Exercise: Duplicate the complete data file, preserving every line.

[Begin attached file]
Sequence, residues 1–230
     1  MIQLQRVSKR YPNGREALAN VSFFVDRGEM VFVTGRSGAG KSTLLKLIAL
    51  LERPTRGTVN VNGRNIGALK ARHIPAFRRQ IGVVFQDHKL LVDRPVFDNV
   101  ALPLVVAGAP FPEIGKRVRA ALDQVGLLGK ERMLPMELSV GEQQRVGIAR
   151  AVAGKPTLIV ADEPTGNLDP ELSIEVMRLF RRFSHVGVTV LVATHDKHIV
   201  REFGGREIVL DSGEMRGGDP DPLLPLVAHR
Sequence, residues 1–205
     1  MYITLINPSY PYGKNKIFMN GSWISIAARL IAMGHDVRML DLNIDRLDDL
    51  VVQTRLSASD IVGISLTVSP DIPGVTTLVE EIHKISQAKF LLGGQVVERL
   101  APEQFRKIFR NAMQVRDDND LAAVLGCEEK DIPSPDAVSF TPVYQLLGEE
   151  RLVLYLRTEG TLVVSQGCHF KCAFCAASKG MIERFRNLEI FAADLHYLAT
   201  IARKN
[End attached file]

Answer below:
Sequence, residues 1–230
     1  MIQLQRVSKR YPNGREALAN VSFFVDRGEM VFVTGRSGAG KSTLLKLIAL
    51  LERPTRGTVN VNGRNIGALK ARHIPAFRRQ IGVVFQDHKL LVDRPVFDNV
   101  ALPLVVAGAP FPEIGKRVRA ALDQVGLLGK ERMLPMELSV GEQQRVGIAR
   151  AVAGKPTLIV ADEPTGNLDP ELSIEVMRLF RRFSHVGVTV LVATHDKHIV
   201  REFGGREIVL DSGEMRGGDP DPLLPLVAHR
Sequence, residues 1–205
     1  MYITLINPSY PYGKNKIFMN GSWISIAARL IAMGHDVRML DLNIDRLDDL
    51  VVQTRLSASD IVGISLTVSP DIPGVTTLVE EIHKISQAKF LLGGQVVERL
   101  APEQFRKIFR NAMQVRDDND LAAVLGCEEK DIPSPDAVSF TPVYQLLGEE
   151  RLVLYLRTEG TLVVSQGCHF KCAFCAASKG MIERFRNLEI FAADLHYLAT
   201  IARKN